A Good Beer Blog


Have you read The Unbearable Nonsense of Craft Beer - A Rant in Nine Acts by Alan and Max yet? It's out on Kindle as well as Lulu.

Maureen Ogle said this about the book: "... immensely readable, sometimes slightly surreal rumination on beer in general and craft beer in particular. Funny, witty, but most important: Smart. The beer geeks will likely get all cranky about it, but Alan and Max are the masters of cranky..."

Ron Pattinson said: "I'm in a rather odd situation. Because I appear in the book. A fictional version of me. It's a weird feeling."


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Gary Gillman -

Well Alan, fewer breweries, fewer beers, less choice. I think that hurts the beer culture overall. It lessens the chances the craft segment, seemingly established today, will be stable and grow. I wonder too if a craft beer segment can truly grow in a country that always had one in a sense. If the taste for beer is lost in Germany as a major component of its social and business culture, no beer-related revival may save it. I visited a couple of brewpubs on a recent visit to Bavaria and didn't think the quality was as good as the best of established companies. It reminded me of the earlier days of craft brewing here, in fact. Also too, Germans have other quality drinks to choose from made in their land or close by: excellent wine, notably and there are is the range of non-alcohol drinks (soda, coffee) that at times can take share away from ethanol-based drinks. True, perhaps we here can stand apart from all that, but since the world and beer culture in particular is getting smaller and more international respectively all the time, you can argue that what happens there may impact what happens here: the birth rates aren't so different and I am not sure greater immigration will make up for it in this particular area (beer appreciation). Really the publicizing of these stories is a plea to the current population not to forsake the national beverage. They won't have more babies because of it, but they may start to take an active, conscious appreciation of their brewing and beer-consuming heritage.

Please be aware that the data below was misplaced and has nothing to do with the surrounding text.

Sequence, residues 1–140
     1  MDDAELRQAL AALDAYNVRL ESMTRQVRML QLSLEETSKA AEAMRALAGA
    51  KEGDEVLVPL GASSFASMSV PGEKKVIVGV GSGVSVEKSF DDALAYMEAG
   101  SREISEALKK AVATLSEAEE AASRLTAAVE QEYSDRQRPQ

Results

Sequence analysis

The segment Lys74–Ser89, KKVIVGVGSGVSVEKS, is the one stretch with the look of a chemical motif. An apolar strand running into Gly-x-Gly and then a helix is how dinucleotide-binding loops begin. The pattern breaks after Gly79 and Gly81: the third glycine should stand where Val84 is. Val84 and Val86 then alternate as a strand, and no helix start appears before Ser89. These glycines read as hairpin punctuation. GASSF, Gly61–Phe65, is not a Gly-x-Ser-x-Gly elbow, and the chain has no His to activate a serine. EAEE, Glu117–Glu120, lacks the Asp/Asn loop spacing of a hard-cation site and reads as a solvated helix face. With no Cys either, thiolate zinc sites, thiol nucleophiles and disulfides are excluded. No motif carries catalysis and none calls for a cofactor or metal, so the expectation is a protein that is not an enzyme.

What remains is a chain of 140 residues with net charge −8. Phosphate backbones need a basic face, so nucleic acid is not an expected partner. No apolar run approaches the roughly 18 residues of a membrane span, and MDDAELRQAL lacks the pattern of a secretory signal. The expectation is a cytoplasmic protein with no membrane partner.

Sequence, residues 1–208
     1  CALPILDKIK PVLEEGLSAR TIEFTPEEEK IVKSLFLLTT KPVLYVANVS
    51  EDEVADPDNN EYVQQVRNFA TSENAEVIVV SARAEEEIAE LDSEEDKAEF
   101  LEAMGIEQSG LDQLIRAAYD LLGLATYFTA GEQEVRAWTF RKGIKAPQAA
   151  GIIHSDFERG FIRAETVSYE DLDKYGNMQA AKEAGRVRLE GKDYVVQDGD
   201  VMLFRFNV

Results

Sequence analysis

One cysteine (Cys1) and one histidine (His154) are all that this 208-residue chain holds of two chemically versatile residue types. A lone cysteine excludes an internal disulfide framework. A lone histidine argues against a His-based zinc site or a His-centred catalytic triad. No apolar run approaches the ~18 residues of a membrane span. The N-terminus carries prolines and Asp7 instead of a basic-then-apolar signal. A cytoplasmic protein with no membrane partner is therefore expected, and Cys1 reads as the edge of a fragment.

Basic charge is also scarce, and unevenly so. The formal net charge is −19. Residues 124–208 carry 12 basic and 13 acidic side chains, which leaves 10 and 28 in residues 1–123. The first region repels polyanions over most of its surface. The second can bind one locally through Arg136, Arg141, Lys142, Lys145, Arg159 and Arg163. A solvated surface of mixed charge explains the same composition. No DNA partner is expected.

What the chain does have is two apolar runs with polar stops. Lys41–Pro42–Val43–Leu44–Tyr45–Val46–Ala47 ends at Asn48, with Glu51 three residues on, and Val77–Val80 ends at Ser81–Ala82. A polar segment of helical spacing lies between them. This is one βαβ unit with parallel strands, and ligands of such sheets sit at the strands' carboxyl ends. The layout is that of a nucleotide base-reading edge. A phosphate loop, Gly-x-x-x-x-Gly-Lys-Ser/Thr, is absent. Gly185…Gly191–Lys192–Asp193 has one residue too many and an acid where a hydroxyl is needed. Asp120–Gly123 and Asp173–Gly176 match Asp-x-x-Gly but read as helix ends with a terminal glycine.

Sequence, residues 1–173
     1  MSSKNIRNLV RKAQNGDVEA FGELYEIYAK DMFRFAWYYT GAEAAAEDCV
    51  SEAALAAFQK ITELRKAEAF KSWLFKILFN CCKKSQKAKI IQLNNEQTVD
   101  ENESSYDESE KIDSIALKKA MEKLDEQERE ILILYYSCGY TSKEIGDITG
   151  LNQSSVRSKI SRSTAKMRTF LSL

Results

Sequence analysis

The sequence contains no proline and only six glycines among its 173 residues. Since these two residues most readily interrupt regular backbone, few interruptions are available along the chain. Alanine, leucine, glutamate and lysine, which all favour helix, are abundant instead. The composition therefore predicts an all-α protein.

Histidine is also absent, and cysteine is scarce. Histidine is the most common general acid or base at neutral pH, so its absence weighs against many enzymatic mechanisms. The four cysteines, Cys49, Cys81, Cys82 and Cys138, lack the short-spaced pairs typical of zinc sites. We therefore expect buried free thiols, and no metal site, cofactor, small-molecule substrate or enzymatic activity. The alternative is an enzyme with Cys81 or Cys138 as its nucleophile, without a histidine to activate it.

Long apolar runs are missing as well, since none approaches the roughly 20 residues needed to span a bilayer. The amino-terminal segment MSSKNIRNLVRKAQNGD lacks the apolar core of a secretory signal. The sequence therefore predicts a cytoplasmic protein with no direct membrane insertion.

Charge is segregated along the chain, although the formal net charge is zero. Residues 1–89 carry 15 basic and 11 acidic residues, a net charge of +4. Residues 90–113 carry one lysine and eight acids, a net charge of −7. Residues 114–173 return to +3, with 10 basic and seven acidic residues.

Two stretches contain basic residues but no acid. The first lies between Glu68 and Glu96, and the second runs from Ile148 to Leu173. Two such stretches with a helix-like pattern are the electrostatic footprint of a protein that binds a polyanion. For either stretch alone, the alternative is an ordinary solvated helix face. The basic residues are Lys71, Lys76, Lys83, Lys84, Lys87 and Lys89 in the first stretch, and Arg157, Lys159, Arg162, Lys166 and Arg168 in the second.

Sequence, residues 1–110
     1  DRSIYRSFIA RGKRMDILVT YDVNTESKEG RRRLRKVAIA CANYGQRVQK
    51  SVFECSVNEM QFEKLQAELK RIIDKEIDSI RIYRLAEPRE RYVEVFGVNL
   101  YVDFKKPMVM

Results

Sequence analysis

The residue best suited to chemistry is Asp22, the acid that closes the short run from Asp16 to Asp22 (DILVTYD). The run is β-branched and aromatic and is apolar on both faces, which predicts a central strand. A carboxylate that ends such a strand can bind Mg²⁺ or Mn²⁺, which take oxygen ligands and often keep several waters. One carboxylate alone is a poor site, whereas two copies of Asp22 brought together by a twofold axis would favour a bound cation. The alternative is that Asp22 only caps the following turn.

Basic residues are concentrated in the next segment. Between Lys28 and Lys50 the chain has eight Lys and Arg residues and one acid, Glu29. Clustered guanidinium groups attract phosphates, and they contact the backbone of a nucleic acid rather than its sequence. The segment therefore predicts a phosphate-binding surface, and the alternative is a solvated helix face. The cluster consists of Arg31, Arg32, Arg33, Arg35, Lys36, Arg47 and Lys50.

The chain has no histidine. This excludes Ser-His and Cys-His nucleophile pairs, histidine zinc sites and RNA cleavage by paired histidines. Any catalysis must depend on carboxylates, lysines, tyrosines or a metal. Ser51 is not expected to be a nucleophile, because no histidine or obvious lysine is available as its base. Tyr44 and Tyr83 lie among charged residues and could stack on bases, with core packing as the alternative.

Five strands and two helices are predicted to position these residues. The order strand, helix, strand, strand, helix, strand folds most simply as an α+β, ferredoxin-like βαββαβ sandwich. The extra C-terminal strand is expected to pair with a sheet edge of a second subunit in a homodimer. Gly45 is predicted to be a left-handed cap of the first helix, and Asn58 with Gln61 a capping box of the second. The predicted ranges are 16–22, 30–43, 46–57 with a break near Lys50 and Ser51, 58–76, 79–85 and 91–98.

Alan -

Well, if this was a real risk it would not be the case that the growth in US and UK craft beer segment could not be occurring concurrent to a total retraction in the beer market. No, I am content in small hungry excellent brewers feeding me excellent beer on a slim but reasonable profit margin. I don't care much for beer culture or community or any of that. I certainly don't care if Germans drink twice as much as they did or half as long as the weisse they make is still good and cheap over here.

Gary Gillman -

I think it's different here and in the U.K. (even): we never had the dyed-in-the-wool beer culture with its associated high quality that the Germans have had. Just having been there and Austria, I was struck by how good almost all the everyday pils and helles was not to mention various specialties. If they forsake that heritage, will they nurture a craft beer counter-trend or will they just give it all up so to speak? I think there is a risk of the latter because, why re-invent the wheel? And that could have a knock-on effect here I think.